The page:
Gifs, Gimp and Me (3M-DS106 Repost)

Originally posted 10/2/13 on an internal 3M blog by “JS” a 3M-DS106 Salon member

3M_JS I decided to go with the less creative title “Gifs, Gimp and Me” instead of what I originally thought of, which was “I ain’t no Gimp!” Which struck me as funny and worked on several levels but was a little unprofessional.

I am not a Gimp-ophile. Not by a long shot. I have learned several things, though, and I was able to create my own gifs! Thanks to the internet and what sounds like a preteen girl and a teenage boy. See videos below.

I downloaded Gimp and checked it out to see what I could intuit from it. The answer: NOTHING. I literally could not understand what any of the buttons meant besides the basic: line, fill, lasso. Very humbling. I felt very stupid.

So I Googled: “How to make a gif using Gimp” and got the Gimp website’s tutorial, a girl who explained how to make a gif of Jennifer Lawrence (Katniss Everdeen) shooting an arrow over and over and the boy who drew a stick figure walking. The Gimp website was less than helpful. I could not understand what they meant by “Gaussian blur” or “alpha to selection”. The girl and boy were much better. I learned about layers and timing and playback. (Which is located under Filters -> Animation -> Playback, by the way. Who knew? Talk about a steep learning curve).

I have a presentation coming up in which I will describe how a Flame Ionization Detector (FID) works. Just the basics. Of course, I get the brilliant idea that I will animate the FID diagram to literally illustrate my point. Because what could go wrong?

Have I mentioned that I like to tackle big projects instead of working through little ones first? I do that with baking all the time. Why start small and boring when you can do a BIG EXTRAVAGANZA with FROSTING and FLAVORS and COLORS! Except that it is often more difficult and frustrating than if you would have started small. But the emotional payoff potential is really big. Cost-effective? You decide.

There really is no stopping me – short of dismemberment – once I start so here I go….

The FID diagram by itself:

FID diagram

Now, I need to show that the separated gas coming from the column in the gas chromatograph hits the flame and is ionized. The resulting electrical charge creates a peak on the chromatograph which we can use to identify how much of that particular analyte is present. So easy even a caveman can do it!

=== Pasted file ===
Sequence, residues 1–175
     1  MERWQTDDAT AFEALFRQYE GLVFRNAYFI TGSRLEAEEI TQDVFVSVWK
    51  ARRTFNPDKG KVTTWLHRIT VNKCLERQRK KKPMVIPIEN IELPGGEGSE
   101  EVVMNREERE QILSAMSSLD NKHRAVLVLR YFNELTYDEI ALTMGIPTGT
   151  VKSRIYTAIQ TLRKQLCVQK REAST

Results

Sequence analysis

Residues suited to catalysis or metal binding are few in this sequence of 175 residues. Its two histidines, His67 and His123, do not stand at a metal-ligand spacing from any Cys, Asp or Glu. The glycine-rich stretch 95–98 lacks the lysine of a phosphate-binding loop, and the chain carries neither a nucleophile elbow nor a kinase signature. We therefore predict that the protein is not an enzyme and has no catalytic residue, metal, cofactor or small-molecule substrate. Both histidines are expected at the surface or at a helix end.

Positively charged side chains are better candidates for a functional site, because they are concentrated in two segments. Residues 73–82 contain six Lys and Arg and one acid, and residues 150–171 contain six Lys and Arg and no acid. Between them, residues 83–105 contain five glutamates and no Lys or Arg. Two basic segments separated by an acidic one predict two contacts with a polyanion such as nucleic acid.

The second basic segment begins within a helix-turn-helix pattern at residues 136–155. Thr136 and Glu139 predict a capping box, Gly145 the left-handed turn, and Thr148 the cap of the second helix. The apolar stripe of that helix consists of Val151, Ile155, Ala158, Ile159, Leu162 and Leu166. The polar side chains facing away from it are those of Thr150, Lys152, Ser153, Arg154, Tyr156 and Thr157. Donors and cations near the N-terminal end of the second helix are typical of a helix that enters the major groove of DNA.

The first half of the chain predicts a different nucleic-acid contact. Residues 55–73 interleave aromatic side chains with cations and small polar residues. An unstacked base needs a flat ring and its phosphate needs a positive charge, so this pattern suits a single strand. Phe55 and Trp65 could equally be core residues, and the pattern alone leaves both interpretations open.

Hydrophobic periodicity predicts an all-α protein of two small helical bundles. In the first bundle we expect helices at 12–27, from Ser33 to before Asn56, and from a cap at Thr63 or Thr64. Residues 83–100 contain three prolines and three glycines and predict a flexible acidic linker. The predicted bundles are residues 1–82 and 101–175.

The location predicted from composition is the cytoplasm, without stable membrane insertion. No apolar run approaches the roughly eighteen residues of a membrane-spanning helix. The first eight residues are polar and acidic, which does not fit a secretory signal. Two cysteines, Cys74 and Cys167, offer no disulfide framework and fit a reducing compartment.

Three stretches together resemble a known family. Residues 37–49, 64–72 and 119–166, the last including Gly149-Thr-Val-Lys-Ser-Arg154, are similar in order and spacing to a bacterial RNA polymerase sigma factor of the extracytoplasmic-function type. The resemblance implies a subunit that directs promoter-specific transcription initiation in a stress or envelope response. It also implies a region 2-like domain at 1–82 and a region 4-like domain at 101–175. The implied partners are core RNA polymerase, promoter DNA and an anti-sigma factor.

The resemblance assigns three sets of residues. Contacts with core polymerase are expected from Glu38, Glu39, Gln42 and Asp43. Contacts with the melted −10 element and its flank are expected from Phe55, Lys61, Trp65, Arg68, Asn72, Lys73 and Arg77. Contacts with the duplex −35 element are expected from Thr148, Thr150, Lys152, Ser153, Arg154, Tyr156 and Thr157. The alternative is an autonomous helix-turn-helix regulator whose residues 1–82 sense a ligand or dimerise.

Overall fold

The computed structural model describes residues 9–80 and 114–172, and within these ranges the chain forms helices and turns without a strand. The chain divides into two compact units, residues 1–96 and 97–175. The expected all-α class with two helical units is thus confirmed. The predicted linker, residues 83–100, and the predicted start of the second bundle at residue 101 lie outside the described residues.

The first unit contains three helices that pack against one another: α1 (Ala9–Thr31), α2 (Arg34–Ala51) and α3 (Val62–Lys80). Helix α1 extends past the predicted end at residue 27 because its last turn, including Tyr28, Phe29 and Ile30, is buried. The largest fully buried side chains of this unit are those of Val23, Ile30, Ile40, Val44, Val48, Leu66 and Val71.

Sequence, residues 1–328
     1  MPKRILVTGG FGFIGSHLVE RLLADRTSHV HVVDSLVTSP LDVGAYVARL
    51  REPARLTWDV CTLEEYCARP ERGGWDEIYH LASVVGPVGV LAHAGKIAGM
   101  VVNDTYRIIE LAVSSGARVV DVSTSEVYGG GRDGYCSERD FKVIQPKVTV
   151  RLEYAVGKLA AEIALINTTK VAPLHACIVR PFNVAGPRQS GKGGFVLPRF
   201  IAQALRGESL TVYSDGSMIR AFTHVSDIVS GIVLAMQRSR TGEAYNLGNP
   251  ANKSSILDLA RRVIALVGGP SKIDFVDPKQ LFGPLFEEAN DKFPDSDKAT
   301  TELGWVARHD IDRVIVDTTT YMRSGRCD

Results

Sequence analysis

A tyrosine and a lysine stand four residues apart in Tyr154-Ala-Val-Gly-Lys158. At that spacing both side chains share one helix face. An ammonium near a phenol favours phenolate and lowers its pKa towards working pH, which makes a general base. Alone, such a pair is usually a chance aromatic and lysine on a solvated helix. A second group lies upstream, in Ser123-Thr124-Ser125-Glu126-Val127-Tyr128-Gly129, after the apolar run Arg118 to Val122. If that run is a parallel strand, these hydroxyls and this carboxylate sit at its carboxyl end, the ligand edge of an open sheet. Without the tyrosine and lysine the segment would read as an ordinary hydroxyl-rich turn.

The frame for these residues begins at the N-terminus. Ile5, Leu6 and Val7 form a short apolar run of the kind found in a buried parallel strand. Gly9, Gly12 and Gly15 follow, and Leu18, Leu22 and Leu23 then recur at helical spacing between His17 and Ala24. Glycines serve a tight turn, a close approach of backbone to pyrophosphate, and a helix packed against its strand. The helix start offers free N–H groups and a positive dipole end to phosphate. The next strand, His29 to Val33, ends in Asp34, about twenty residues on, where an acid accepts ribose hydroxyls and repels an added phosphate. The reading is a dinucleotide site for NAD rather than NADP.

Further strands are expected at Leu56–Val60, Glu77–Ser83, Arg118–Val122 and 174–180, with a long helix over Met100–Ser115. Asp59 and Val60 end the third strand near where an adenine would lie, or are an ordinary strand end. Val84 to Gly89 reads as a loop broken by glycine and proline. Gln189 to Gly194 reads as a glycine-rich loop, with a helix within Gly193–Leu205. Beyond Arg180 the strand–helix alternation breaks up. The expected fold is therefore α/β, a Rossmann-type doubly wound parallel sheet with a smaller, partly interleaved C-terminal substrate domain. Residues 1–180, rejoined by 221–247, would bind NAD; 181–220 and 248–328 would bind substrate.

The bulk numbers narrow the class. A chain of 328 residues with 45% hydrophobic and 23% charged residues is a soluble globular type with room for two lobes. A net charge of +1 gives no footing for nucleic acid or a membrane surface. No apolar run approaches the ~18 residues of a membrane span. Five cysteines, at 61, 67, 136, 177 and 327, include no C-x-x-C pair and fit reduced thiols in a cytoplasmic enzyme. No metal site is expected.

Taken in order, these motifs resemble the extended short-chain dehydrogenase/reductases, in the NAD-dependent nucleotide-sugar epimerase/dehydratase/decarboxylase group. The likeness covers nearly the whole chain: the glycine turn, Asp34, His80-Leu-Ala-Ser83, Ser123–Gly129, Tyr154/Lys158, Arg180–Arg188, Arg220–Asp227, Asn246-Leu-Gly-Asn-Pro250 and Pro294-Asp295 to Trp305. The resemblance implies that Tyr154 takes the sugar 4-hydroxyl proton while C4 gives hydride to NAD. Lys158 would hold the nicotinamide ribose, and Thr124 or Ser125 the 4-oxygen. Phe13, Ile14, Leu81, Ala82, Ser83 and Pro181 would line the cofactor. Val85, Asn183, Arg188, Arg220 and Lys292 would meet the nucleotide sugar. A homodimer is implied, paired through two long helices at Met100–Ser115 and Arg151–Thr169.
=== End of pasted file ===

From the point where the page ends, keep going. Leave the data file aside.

My attempts to do this in Gimp resulted in disaster. I do not like how once you create a shape in Gimp it becomes part of the picture. You cannot move the shape without taking the background with it. I’m not used to this. When I create shapes in Excel they are independent until I group them together. I can move them alllllll over the place. It’s great. Not so in Gimp. You better get your placement right the first time otherwise you’re screwed. This is incredibly difficult to do when you are trying to precisely animate a section of gas moving through a column.

Also, each of the layers I created just compounded on each other so instead of the gas moving up through the column; it was just one long line of gas building on top of each other. I tried several things and Googled a lot. Nothing helped so I looked for an easier program. I downloaded Bad idea. Not any easier. So I switched to Paint. Still the problem with the whole placement thing but I figured out a way to get around it.

I am familiar with animation in the traditional, drawing sense so I knew that I needed a frame for each move and I needed the background to always be the diagram. I know that animators use transparent paper to see their changes and then add the background later but I couldn’t figure this out in Gimp. What I did instead was I created a single file for each of the frames that I would need. Starting from one frame, I copied the rectangle shape that I needed and noted it’s location on that previous frame. Then I pasted it in the next frame, same location, and moved it up two pixels by hand. Super tedious. But it worked.

I used that method of noting location and movement for the entire animation. The result: 95 frames cut down to 50 frames for a shorter overall animation time. Then, – thank you Katniss Everdeen Gimp girl! – I used Gimp to take all my frames and put them together in an animation. I thought the animation went too fast for the flame part so I went back and changed the timing on the last few frames – thank you stick figure Gimp boy! (This can be done by right clicking on the layer, selecting Edit Layer Attributes and putting the frame delay (in milliseconds) in paranthesis next to the layer name. Like this: “Layer 1 (250ms)”. The default layer delay is 100ms.)

Here is my animation:


 I also wanted to signal heat for a different part of my presentation so I made this simple one using Excel to create the shapes, copying them into Paint to make it a .png file and then Gimp to animate my two frames. Much easier!

Here is heat:


Next post – getting rid of the background in your picture (.png) using Gimp!

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